People with diabetes use the lateral sides of the fingertips to get a blood sample. Blood circulation is fine there and it is easy to get enough blood. Avoid the middle part of the fingertips as pricking there is very painful due to the high density of sensitive receptors.

Patients should consider the following topics to reduce problems with finger pricking:

 

  • Hands should be thoroughly washed with warm water and soap and then dried. Beside the cleaning effect blood circulation is improved. Disinfection is not needed – alcohol residues could lead to wrong result.  
  • The lateral sides of the fingertips should be punctured to avoid pain – in the middle part of the fingertips are more sensitive receptors. Avoid to puncture the nail bed which could lead to inflammations.  
  • Replace the lancet every time after using it once – the needle will lose its sharp cut tip or could be bent. This will lead to more pain and will damage the skin. The danger of infections and inflammations through bacteria or viruses is increased.  
  • Use thin lancets (there are lancets available with a diameter of only 0.2mm) to reduce the pain when puncturing. As the size of the blood sample is depending from the depth of the puncture and not from the diameter of the lancet a blood drop of sufficient size is produced. Modern blood glucose meters only need very small blood samples. 
  • Use different fingers for pricking – some people do not like to use the small finger or the thumb for getting a blood sample.  
  • If possible use fingers of both hands to get a blood sample.
  • Try to find your optimal depth for puncture: maybe you do not have to prick very deep to get an appropriate blood sample. You can also press gently the arm or finger towards the end, shake the arm or let it hang down to improve process of blood sampling. Avoid pressing the finger to produce a blood drop. 
  • Press lancing device tightly to the lateral side of the fingertip and then release the button.
     

Blood Sampling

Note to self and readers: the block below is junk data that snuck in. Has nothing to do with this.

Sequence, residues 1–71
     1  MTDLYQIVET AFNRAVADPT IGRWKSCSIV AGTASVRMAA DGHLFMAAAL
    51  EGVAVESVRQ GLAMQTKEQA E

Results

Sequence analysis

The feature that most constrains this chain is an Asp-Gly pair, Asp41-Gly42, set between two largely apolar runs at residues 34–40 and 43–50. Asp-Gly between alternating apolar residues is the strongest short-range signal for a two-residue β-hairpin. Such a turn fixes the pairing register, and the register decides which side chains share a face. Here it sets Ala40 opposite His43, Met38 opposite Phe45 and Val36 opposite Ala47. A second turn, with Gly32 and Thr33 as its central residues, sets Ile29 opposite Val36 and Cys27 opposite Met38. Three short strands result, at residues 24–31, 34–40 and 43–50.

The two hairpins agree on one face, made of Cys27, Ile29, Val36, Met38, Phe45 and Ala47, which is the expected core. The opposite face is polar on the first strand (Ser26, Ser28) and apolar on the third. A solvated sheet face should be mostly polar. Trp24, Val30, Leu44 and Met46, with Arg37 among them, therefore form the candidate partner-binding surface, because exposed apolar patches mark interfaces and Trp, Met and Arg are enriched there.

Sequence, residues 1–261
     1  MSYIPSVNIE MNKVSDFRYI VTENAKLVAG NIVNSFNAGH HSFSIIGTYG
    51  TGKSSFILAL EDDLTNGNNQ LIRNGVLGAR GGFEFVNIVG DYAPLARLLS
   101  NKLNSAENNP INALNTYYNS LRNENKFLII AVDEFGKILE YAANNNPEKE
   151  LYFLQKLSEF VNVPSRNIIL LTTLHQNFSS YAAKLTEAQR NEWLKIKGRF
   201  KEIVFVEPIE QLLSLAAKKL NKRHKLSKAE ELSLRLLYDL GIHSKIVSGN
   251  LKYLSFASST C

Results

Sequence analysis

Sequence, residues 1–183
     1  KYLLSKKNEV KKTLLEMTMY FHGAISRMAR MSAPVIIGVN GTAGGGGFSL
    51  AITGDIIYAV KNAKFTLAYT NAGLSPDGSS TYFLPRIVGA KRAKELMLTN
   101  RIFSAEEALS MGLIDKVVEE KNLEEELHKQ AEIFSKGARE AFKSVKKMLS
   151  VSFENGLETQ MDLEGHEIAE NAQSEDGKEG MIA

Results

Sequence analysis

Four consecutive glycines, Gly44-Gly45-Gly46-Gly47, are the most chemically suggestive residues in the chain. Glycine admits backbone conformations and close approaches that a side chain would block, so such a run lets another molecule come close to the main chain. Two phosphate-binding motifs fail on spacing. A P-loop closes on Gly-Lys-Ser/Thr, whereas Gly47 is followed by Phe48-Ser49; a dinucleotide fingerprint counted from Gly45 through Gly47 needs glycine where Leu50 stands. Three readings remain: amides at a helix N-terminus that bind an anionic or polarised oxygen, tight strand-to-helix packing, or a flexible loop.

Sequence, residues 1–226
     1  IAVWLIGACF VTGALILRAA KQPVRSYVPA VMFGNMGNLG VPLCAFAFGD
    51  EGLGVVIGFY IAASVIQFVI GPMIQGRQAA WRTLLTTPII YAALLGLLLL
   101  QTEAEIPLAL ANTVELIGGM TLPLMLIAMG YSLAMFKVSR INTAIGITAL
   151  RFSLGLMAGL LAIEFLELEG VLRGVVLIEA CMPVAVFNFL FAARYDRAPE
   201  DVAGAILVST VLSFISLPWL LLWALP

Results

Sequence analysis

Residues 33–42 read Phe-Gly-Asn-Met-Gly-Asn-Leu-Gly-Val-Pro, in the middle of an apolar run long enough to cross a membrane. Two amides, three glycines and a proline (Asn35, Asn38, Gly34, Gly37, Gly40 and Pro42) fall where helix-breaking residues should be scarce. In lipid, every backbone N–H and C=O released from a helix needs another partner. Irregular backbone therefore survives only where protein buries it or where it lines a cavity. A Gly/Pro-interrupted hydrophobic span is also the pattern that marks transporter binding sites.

People with diabetes use the lateral sides of the fingertips to get a blood sample. Blood circulation is fine there and it is easy to get enough blood. Avoid the middle part of the fingertips as pricking there is very painful due to the high density of sensitive receptors.

    Patients should consider the following topics to reduce problems with finger pricking:

    • Hands should be thoroughly washed with warm water and soap and then dried. Beside the cleaning effect blood circulation is improved. Disinfection is not needed – alcohol residues could lead to wrong result.  
    • The lateral sides of the fingertips should be punctured to avoid pain – in the middle part of the fingertips are more sensitive receptors. Avoid to puncture the nail bed which could lead to inflammations.  
    • Replace the lancet every time after using it once – the needle will lose its sharp cut tip or could be bent. This will lead to more pain and will damage the skin. The danger of infections and inflammations through bacteria or viruses is increased.  
    • Use thin lancets (there are lancets available with a diameter of only 0.2mm) to reduce the pain when puncturing. As the size of the blood sample is depending from the depth of the puncture and not from the diameter of the lancet a blood drop of sufficient size is produced. Modern blood glucose meters only need very small blood samples. 
    • Use different fingers for pricking – some people do not like to use the small finger or the thumb for getting a blood sample.  
    • If possible use fingers of both hands to get a blood sample.
    • Try to find your optimal depth for puncture: maybe you do not have to prick very deep to get an appropriate blood sample. You can also press gently the arm or finger towards the end, shake the arm or let it hang down to improve process of blood sampling. Avoid pressing the finger to produce a blood drop. 
    • Press lancing device tightly to the lateral side of the fingertip and then release the button.
       

    Correct Handling of Test Strips

    Storage of the Test Strips

    • Store in dry places (not bathroom).
    • After taking out a test strip from the vial immediatley close it again to avoid entry of humidity.
    • Do not store test strips in the car as temperatures in summer and winter can reach extremes.
    • Check expiration date.
    • If meter has to be coded do not forget to check code on the test strip vial and coding of the meter.